This superb new edition of Christopher Clark's magisterial study of the Kaiser contains some new material and photographs.
Many questions hang over Wilhelm II -- just how much power and influence did he wield in Germany? To what degree did he shape the development of Germany during the three decades of his rule? To what extent was the Great War the result of his planning and leadership? Christopher Clark sets out to answer these questions in an incisive, beautifully-written synthesis of current scholarship.
Prof. Clark's interest is primarily in the political sphere; but despite his claim that this "makes no pretense at the comprehensiveness of a biography," it is also a revealing study of Wilhelm's family, character and personal foibles. I found it fascinating.
Highly recommended to serious students of the period.
on 10 December 2009
This is not a new book; it is a reissue of the 'Profiles in Power' book published a decade ago. Like most books in PIP series, this is NOT a biography. Rather, it is a chronological study of the Kaiser's political career and the ways in which he exercised political power. The book thus becomes quite dry in places and by the end of it you are still left feeling that the 'personal' Kaiser is an enigma. But the 'political' Kaiser is completely revealed, and thus the author fulfills his objective. An interesting read.
Kaiser Wilhelm 11, the last German Emperor, has not been well treated by history or historians. Part of this was due to the instability of his personality which was overbearing and arrogant. While some have emphasised his enmity towards his mother, who blamed herself for his disability, others claim he had a psychologically incestuous relationship with her. The latter can be dismissed as nonsense and Wilhelm learned to live with his disability. Once he had dismissed Bismarck in 1890 he lacked the nous to grasp the fact that real power lay with the executive and his Imperial functions did not automatically include him as an active part of the executive.
Clark provides an excellent insight into the nature of the court life of the ruling families of Europe which explains Wilhelm's behaviour in a manner which is scarcely appreciated today. Such families were constantly at odds with each other and themselves. In Wilhelm's case he supported the more authoritarian ideas of his grandfather than the liberal ideas of his parents. He did not believe anyone other than himself should take executive decisions, either directly or through trusted emissaries. As Emperor (Kaiser) of the German States his political problems were different from those in his role as King of Prussia, primarily because of the different interests and forces at play.
Wilhelm wanted to rule as well as reign but was unable to do so unless he had sufficient political support. However, the dual nature of German constitutional rule militated against this. Wilhelm was King of Prussia and accepted its conservative militaristic tradition. In Germany as a whole he was Kaiser of an Empire in which Prussia was one participating principality. Hence his influence was not as strong and he needed to provide political leadership which he was unable to do because of the practical limitations of his power and his indecisiveness in taking decisions which varied from day to day according to his mood. Although Clark's book is sub-titled "A Life in Power" it would have been more accurate to have written "A Life Near to Power". He failed to realise the day of the authoritarian monarch had passed and his many gaffes embarrassed politicians in Germany.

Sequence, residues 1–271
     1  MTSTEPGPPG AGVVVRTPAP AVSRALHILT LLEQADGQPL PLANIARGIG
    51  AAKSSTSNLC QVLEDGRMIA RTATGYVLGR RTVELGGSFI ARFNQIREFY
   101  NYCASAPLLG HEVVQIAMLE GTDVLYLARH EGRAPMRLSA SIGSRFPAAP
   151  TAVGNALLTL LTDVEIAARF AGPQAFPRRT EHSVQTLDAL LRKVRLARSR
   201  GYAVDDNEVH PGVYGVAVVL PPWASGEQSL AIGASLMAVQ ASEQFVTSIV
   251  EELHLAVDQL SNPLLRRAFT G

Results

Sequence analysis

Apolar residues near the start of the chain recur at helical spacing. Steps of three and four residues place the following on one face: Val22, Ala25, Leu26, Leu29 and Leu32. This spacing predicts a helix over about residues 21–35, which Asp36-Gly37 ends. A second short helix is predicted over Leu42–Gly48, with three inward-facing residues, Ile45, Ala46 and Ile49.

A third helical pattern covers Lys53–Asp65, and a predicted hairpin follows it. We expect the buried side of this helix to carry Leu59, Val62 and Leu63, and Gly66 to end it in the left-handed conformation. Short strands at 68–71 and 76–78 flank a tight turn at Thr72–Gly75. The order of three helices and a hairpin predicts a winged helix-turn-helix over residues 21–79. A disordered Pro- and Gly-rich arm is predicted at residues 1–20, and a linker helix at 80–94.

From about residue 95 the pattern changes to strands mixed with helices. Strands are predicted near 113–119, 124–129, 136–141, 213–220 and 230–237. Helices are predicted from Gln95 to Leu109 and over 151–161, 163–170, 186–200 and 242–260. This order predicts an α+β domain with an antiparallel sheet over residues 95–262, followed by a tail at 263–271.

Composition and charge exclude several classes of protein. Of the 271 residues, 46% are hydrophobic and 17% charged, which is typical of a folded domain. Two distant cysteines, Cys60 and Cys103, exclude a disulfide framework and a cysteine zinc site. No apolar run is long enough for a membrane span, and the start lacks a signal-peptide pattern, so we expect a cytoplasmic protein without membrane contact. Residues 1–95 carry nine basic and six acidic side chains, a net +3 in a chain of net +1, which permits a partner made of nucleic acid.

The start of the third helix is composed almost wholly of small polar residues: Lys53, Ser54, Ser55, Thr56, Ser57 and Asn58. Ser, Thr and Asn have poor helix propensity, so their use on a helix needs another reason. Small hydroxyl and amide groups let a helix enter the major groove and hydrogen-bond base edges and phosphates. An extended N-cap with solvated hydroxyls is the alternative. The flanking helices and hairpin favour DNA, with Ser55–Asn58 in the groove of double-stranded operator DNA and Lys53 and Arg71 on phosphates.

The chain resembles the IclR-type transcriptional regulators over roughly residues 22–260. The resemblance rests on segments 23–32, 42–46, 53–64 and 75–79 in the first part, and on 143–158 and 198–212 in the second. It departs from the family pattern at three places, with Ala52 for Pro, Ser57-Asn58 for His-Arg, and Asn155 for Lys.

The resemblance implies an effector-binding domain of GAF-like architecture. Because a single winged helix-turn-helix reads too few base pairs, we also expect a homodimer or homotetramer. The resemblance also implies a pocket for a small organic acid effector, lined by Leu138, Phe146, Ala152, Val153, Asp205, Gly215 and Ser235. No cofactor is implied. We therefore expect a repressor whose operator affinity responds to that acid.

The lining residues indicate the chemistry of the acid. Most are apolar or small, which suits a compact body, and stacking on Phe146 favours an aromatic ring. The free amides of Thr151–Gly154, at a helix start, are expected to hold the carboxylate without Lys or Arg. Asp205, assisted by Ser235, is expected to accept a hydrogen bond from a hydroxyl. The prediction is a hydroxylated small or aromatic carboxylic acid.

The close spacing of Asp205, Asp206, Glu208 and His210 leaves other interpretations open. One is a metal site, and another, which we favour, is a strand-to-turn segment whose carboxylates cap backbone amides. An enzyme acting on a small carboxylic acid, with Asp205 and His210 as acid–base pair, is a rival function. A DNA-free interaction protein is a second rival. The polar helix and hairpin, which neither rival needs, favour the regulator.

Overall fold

Having supported Bismark's repressive conservatism Wilhelm adopted reformist ideas to ward off the growing strength of the socialist movement, one source of his antisemitism which, after the First World War, resulted in him calling for the world wide extermination of Jews. His interference against Bismarck's repressive social policies led to the decisive break between the two men. However, his reformism was short-lived and he quickly asserted his arrogance in making public statements which were politically and diplomatically indiscreet. He told troops leaving to suppress the Boxer Rebellion, 'Should you encounter the enemy, he will be defeated! No quarter will be given! Prisoners will not be taken! Whoever falls into your hands is forfeited. Just as a thousand years ago the Huns under their King Attila made a name for themselves, one that even today makes them seem mighty in history and legend, may the name German be affirmed by you in such a way in China that no Chinese will ever again dare to look cross-eyed at a German'. He did not understand the insensitivity of his comments.
Wilhelm wanted to build a strong navy to rival the British but his inept diplomacy served to upset the balance of power alienating the British, French and Russians. His control of appointments alienated the Reichstag and isolated him from democratic influences. Hence he was surprised when his comment to the Daily Telegraph in 1908 that, "You English," he said, "are mad, mad, mad as March hares".' led to calls for his abdication in Germany. Wilhelm sacrificed his chancellor Prince Bulow instead. He never fully appreciated that as Emperor he was perceived as the embodiment of Germany as a whole and too often gave Imperial speeches which were considered those of a partisan Prussian. Gradually, he was marginalised from the policy process and by 1916 he was, in practical terms, dominated by the military regime led by Hindenburg and Luddendorf. He isolated himself from the populace by leaving Berlin to reside at the imperial headquarters in Spa, Belgium.